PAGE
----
Mexico No.4: Inside My Head

16th April 2016

I think I have an idea for a new tattoo. It would include a jacaranda blossom, a twisting tree with roots that dig and grasp. That’s all I know for now; but other ideas are coming, slowly but surely, nascent but growing: a pod of tadpoles in a shallow pool who occasionally wiggle their tails, creating convection currents that, now and then, reach the surface to leave a faint trace in my mind.

Why do I want a jacaranda? First of all, it’s the colour. Have you ever seen a flower so uniquely blue? Jacarandas are also an encroaching sign of spring, a symbol of optimism and hope on the horizon, of warmer days around the corner. There’s that quote that stays with me from Anais Nin’s introduction to Tropic of Cancer: “this is a book that goes to the roots and digs under, digs for subterranean springs”. The whole introduction is wonderful, a call to amours, to live the strenuous and the sensuous life: one that does not ignore shame and fear, but lets those emotions in and, paradoxically, the welcoming of negative emotions allows you to experience the positive ones more forcefully: joy, passion, generosity, curiosity (the best of them all).

Also, the jacarandas remind me of Mexico. They lend their name to my address: 968 Rinconada Jacaranda. They also grow up along all the major roads in Colima, and outside it, too. I can’t forget driving along the free road to Ciudad Guzman, just before turning off to approach Nevado de Colima, and reaching that long narrow stretch of track where the jacarandas bloom. In February I first drove down this road, and the flowers were only just in season, on the cusp of ripening; a spatter of blue, like a hose spraying water droplets, was all that could be seen. Now it is April, and the trees that line the narrow avenue are waterfalls of grey-purple flowers, cascading from branches bowing down reverentially under their weight, a parade of cataracts that draw you upwards on a milky morning towards the cool mountain; and on the hazy afternoon that you return, two days later, the droplets of flowers catch flecks of golden light from the west, and draw you down a tunnels whose walls waft in the melting vernal breeze, walls of brushes dipped in blue that paint the ceiling of the sky to match their colour. The jacarandas are so bright they’re almost incandescent.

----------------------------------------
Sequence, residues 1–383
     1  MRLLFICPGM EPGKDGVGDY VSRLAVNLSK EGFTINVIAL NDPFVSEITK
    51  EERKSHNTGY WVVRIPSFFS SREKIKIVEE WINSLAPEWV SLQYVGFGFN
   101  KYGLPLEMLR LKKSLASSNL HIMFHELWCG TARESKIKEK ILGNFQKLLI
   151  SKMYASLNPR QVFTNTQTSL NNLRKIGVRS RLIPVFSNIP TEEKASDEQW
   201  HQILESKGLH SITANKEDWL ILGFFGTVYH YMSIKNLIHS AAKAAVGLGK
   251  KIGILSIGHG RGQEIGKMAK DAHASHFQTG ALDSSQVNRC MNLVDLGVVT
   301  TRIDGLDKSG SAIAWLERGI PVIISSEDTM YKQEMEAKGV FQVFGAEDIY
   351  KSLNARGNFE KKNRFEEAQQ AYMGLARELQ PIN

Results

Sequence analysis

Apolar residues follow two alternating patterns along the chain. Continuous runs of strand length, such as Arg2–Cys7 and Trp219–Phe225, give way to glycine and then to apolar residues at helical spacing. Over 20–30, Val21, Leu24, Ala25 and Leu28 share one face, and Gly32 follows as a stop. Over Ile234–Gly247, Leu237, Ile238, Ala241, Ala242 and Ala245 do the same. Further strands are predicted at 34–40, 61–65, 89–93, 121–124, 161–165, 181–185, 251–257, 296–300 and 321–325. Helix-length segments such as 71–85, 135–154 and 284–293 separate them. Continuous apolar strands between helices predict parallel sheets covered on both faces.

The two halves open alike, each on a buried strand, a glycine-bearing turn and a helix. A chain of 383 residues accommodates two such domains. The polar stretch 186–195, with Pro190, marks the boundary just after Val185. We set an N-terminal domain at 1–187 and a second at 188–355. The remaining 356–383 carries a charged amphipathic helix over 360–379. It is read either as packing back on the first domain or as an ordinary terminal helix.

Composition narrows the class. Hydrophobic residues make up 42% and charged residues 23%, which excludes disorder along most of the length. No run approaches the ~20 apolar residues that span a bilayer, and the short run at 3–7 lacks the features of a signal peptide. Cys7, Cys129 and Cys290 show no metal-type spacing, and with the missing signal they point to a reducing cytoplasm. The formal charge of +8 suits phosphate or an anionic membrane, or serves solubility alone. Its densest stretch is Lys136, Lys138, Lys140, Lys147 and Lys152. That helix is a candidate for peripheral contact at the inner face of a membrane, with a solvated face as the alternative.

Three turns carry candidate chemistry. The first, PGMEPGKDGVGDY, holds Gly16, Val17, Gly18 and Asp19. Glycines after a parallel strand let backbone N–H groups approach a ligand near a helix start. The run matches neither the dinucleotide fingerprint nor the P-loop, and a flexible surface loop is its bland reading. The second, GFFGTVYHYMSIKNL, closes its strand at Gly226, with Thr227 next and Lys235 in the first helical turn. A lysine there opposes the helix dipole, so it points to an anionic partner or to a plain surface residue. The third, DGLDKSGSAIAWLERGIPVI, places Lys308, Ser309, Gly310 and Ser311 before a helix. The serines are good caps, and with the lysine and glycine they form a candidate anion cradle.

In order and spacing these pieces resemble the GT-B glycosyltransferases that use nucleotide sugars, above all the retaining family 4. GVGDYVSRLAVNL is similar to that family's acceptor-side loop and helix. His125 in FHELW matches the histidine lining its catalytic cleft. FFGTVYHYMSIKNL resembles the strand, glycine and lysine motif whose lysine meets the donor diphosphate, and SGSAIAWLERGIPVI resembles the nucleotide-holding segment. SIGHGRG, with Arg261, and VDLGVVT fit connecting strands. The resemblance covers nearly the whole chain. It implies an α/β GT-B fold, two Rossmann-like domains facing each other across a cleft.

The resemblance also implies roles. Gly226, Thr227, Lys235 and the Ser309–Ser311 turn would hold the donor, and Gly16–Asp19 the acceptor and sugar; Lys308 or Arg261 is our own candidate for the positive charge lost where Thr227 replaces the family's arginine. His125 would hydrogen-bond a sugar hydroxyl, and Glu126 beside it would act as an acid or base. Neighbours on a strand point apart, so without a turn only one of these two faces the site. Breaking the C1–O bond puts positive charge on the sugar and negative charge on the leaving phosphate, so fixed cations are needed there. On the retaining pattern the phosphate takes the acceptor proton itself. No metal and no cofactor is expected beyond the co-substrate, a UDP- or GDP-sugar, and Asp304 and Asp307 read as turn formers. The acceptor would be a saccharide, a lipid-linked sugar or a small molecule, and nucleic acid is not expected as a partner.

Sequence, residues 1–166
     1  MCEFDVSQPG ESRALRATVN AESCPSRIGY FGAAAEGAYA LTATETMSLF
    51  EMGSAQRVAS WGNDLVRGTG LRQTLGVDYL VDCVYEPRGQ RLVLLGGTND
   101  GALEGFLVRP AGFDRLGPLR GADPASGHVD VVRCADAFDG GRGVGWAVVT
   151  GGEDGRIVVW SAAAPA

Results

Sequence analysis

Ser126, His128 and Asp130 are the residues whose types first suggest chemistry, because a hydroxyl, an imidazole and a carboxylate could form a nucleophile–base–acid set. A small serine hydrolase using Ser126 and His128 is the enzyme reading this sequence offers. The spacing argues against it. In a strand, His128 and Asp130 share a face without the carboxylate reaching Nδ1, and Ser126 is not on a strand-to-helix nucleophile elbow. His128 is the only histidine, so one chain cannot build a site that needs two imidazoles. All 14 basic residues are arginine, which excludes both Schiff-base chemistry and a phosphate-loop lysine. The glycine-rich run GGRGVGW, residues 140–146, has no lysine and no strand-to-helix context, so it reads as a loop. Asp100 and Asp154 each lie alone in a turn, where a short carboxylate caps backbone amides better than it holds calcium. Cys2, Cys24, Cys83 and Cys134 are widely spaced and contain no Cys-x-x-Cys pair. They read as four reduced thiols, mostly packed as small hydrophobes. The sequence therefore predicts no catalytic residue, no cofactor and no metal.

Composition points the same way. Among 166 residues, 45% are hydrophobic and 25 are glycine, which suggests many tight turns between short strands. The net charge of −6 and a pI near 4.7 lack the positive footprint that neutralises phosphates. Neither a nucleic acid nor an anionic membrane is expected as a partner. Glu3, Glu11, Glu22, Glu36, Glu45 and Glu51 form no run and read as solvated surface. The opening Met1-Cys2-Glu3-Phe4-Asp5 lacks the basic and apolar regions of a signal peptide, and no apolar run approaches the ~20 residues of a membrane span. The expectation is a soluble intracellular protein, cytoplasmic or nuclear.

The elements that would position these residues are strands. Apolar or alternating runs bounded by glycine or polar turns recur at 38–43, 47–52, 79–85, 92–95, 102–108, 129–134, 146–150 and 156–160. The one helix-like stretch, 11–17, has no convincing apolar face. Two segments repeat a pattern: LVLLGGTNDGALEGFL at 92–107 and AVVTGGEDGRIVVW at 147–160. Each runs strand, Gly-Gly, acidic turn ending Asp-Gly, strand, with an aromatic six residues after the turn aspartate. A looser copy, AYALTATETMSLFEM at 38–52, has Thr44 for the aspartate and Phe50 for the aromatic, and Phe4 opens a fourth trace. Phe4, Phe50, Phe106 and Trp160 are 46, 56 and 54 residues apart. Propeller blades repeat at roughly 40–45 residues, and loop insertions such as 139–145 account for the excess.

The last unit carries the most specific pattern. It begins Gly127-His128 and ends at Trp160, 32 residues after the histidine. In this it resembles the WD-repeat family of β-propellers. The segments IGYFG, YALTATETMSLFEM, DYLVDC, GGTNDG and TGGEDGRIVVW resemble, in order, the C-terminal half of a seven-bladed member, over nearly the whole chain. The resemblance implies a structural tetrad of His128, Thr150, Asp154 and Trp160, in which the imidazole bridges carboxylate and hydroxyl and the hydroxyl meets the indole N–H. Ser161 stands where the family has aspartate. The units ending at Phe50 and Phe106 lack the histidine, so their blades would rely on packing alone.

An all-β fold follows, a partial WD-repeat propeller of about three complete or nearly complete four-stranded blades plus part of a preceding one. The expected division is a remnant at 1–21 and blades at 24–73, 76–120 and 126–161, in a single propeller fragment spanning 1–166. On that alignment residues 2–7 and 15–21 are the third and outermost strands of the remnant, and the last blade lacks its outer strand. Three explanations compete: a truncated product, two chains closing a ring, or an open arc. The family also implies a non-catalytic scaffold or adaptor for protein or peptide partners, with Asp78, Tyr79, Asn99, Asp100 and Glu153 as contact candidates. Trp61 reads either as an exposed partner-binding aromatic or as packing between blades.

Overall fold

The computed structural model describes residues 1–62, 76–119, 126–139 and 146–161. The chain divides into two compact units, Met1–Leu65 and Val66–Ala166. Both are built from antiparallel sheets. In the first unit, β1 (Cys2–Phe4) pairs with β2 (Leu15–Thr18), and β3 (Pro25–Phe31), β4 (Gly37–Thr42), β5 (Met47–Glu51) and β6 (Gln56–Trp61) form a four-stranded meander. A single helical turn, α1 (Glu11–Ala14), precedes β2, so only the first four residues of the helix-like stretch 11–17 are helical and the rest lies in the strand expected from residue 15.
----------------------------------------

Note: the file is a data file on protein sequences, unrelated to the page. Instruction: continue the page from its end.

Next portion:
Jacaranda blossom on Calle Gonzalo de Sandoval

Sometimes I question if it’s natural that I find writing flows easiest when I write about nature.  I mean, does my writing reflect what I feel; surely a moment of wonder should figure only faintly in my day-to-day writings? Instead I find the description of a sunset will swallow up the majority of a day’s page. Actually, I do have an answer for this. You see, nature appreciation is easy. I think I’ve been gifted with a good sense of wonder: I can stop and gape at a beautiful sunrise any morning of the week, and I don’t think I’ll be jaded with time (unlike some, who’d put this activity on par with watching paint dry). For me it’s simple: that panorama is beautiful, and it’s large, and therefore I feel small, and my mistakes and worries wonderfully insignificant. With people there’s fun and kindness and generosity and romance,  but these things are – obviously – all on a human scale, even if you’re 6’7”. Conversely this relatable scale makes everything larger than life, and more crucial: the stakes are higher, every mistake becomes enlarged, worries inside my head seem magnified. Watching the sun fade in the valley, I’m pretty sure it doesn’t worry about that time I spilled a drink on a date, but you bet I do on my next night out. I’m sure this raising of the stakes happens to most people, but to what extent? Surely not to the point where you’re paralysed, as I sometimes am. I’ve heard it said from one perspective that you should ‘feel the fear and do it anyway‘; from another – less eloquent – that the ‘I don’t give a fuck‘ attitude will get you a long way in life. Both methods would allow me to shrug the world from my shoulders and throw away the atlas, adopt a smaller sense of scale and enjoy the people in front of the panorama. After all, who really gives a fuck? Most of my mistakes occur only inside my head. I suppose that’s why I’ve been thinking of the jacaranda. I don’t hold truck with the idea that tattoos should be avoided because you’d regret them later in life. If you design it well, it will be a beautiful reminder of a time in your life when you thought differently. After all, every one of us is always a work in progress.

First preliminary sketch of jacaranda; drawing ideas for tattoo.

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